Daytona Beach Seafood Tour II

Daytona Beach Seafood Tour II

Food & Drink

Daytona Beach Seafood Tour II


This is Part II of a series of restaurant features from Daytona Beach, FL. For Part I, click here.

Racings North Turn

Gentlemen (and women), start your engines.

That is, if you are ready for a drive to Daytona Beach—home of some of the most unusual seafood restaurants found anywhere.

Take Racings North Turn, for example. This restaurant literally grew up around the beginning of racing history, right where cars used to race on the sands before moving to the Daytona Speedway.

This is where you can eat outdoors, on the beach, and imagine the sound of those engines competing with the rushing of the waves. Now, you are more likely to hear synthesized tracks with live guitar music playing while you study the menu!

Study it carefully, because there is plenty from which to choose. Bacon Wrapped Sea Scallops. New England Clam Chowder, homemade daily. Conch Chowder in a tomato base. Crab Stuffed Mushrooms. Pecan Encrusted Mahi Mahi in a bananas foster sauce. Or, the Extravaganza—broiled fish, spicy steamed shrimp, mussels, clams, oysters, snow crab legs all for $40.95.

Add a pina colada smoothie, lean back under the umbrella-covered sky, and watch the world go by.

Vroom . . . .

High Tides at Snack Jack

Next stop, Snack Jack’s, as it is commonly known. Great place to grab lunch in your swimsuit or surfing gear—just sit outside at one of the ocean view picnic tables, and enjoy the piped in calypso music.

Here you’ll find valet parking, but don’t worry—they don’t go far. Valet is required because the limited frontage means they double and triple park the cars to fit them all in. Leave the car, take the tacos. You can get grilled or blackened fish tacos wrapped in flour tortillas with coleslaw, cheese, and a homemade Baja salsa. Or, try the fish Reuben, offered grilled, blackened, or breaded and fried. On either dish you get your choice of flounder or mahi mahi.

If you’ve worked up an appetite in the waves, get the Name Your Own Fried Platter, where you get generous portions of your choice of fish, oysters, shrimp, scallops, crab cake or clam strips in any combination you choose. Or try the ‘Uncool Shrimp,’ which are fried and dunked in hot sauce!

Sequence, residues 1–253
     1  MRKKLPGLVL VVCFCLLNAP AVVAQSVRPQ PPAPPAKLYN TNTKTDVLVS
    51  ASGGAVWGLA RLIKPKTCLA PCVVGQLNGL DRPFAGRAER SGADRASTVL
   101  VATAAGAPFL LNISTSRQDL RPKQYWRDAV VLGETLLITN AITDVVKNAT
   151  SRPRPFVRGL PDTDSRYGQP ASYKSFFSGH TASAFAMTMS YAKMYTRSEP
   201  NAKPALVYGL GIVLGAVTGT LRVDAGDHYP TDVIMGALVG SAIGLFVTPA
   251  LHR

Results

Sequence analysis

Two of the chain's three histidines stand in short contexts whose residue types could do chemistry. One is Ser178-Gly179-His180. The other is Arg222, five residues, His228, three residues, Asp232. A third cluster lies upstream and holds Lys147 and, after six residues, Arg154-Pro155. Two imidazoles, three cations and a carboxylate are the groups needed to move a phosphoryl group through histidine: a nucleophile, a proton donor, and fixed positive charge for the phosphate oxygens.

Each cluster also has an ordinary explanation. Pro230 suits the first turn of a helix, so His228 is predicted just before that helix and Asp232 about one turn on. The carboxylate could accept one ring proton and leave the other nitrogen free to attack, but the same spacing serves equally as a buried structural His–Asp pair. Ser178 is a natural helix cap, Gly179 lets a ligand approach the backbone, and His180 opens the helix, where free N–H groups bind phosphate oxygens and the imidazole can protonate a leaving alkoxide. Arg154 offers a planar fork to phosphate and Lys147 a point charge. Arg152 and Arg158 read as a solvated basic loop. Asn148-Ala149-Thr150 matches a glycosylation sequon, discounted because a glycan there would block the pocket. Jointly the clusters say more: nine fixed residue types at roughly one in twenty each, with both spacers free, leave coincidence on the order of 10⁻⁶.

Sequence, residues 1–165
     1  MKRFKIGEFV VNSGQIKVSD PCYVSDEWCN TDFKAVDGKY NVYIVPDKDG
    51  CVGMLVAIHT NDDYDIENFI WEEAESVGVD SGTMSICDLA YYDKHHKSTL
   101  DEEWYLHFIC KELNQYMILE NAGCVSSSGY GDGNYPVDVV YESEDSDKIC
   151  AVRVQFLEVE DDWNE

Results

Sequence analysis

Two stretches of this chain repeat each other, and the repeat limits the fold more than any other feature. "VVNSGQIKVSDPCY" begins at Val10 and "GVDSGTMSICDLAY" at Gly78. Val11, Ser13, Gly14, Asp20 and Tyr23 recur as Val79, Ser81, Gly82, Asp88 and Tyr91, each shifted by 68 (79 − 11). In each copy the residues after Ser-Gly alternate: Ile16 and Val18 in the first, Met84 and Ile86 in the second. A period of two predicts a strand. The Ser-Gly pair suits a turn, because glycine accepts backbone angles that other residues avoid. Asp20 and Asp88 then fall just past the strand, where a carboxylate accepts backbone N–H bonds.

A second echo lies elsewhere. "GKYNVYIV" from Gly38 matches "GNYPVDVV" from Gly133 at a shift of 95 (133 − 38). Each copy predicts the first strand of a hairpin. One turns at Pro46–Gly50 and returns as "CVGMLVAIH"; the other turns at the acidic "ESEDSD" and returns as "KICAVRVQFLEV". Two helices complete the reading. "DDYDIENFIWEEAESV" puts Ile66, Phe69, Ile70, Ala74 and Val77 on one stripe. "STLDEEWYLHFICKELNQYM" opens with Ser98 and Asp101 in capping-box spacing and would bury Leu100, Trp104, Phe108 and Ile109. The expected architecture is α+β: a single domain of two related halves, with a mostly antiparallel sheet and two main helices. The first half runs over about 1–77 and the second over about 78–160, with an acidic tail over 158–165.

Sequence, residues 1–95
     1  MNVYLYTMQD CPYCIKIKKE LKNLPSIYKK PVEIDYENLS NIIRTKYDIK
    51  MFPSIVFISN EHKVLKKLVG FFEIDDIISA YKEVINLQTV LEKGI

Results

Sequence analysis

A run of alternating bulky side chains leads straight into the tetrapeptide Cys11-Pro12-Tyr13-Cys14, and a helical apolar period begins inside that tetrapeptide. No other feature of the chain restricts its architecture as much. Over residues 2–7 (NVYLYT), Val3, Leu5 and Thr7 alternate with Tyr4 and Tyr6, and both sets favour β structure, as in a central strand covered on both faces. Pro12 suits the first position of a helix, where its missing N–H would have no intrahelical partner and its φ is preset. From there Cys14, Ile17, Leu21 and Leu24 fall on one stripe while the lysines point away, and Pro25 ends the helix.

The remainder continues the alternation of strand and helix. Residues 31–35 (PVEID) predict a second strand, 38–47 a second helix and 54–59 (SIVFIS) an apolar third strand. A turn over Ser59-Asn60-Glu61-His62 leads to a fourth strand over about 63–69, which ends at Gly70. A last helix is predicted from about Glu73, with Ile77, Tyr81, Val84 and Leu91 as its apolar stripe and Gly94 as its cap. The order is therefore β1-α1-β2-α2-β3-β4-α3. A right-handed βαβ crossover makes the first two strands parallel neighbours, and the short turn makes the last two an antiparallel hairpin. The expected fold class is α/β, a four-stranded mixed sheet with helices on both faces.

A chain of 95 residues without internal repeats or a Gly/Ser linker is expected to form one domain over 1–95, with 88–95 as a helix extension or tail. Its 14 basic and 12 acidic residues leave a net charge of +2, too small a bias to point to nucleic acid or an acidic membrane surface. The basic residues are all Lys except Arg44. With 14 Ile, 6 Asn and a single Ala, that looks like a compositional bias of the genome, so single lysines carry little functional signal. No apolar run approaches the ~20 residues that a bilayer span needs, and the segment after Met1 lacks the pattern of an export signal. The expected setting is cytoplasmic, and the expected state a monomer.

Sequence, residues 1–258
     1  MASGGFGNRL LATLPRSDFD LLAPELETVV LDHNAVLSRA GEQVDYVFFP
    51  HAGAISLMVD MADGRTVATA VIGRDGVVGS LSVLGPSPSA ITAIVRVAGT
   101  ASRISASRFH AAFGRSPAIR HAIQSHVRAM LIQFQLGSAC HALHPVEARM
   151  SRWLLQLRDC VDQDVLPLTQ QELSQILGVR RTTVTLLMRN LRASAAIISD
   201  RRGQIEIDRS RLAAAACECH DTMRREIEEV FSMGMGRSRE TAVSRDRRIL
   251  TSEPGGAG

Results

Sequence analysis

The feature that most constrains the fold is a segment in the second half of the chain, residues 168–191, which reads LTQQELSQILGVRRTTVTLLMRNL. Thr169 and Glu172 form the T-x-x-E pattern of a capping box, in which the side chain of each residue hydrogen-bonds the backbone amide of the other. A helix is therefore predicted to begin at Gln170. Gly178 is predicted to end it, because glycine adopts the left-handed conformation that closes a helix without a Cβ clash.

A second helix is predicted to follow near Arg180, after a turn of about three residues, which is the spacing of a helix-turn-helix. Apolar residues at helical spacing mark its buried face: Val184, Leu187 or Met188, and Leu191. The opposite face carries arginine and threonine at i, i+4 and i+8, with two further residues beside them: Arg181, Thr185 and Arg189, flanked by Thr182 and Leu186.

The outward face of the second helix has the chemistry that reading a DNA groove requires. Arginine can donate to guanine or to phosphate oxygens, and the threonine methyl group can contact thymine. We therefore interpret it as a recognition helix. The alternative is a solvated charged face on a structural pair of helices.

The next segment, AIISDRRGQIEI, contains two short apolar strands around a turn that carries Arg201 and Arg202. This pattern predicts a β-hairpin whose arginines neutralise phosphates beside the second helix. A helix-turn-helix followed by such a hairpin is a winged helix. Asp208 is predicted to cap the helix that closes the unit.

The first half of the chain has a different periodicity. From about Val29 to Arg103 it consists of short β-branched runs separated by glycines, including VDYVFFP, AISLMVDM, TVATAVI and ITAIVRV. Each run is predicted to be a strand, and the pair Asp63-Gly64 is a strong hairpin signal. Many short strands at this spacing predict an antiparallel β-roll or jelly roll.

This is a ‘no shirt, no shoes, no problem’ sort of place, where the restrooms are labeled ‘Dudes’ and ‘Dudettes’ and seafood is served with sea breezes, no charge. The don’t take credit cards, but they do serve wine & beer buckets, have hush puppies that are chewy and sweet, and offer everything from a surf dog to coconut shrimp on the menu.

This place is all about the mystery of the sea—they have a mystery soup, a mystery appetizer, and a mystery dessert. So if you are feeling adventurous, just say, ‘Surprise me.’

And, don’t leave without the t-shirt.

Inlet Harbor

Final stop, Inlet Harbor, with its 2,000 feet of docks. This is where to go for the best sunset view, hands down (and cameras up). Assuming you have sprayed against the ‘noseums’ – those pesky Florida bugs that are so small that you ‘no see um’ – then you can enjoy sitting on the outer edge of the dock for the full view. And, if you prefer, grab a table indoors.

The claim to fame here is the Jumbo Fried Shrimp, cooked “the old Florida way,” and served with bread sticks and the house Key Lime Butter. The Inlet Stuffed Shrimp ($18.99) is another good choice, or try the Sampler, with mahi mahi, shrimp, scallops, crab and oysters.

It’s a casual, comfortable setting which was restored in 1996, with live music and lots of energy. It’s the kind of place where you can either dance and party around the tiki torches, or find a quiet corner to watch the sun go down. We recommend you go on a night when a single guitarist holds the stage—it’s a great Florida atmosphere after a day spent driving by pink and yellow beach houses and avoiding tourists. Or, if you want more of that energy, go on a Friday or Saturday night, when the Then & Now Band is playing.

Menu choices range from a huge—and we mean huge—nacho plate called the ‘Mucho Nachos’ ($10.99) to the all-you-can eat shrimp. But save room for dessert. The Banana Xango ($5.99) is a banana caramel cheesecake rolled in pastry and fried, served with a white chocolate caramel sauce, whipped cream and strawberries. See if you can resist that! They also have the requisite Key Lime Pie, and if you manage to stop by many of the hotels or tourism centers, you may find one of the ubiquitous coupons offering a free slice with purchase of an entrée.

This place is all about the Atlantic. Key lime and tropical flavors, fresh seafood, and memorable atmosphere.

So go, make a memory. And eat some shrimp for us.

Click here for Part I of our Daytona Beach Seafood Tour!


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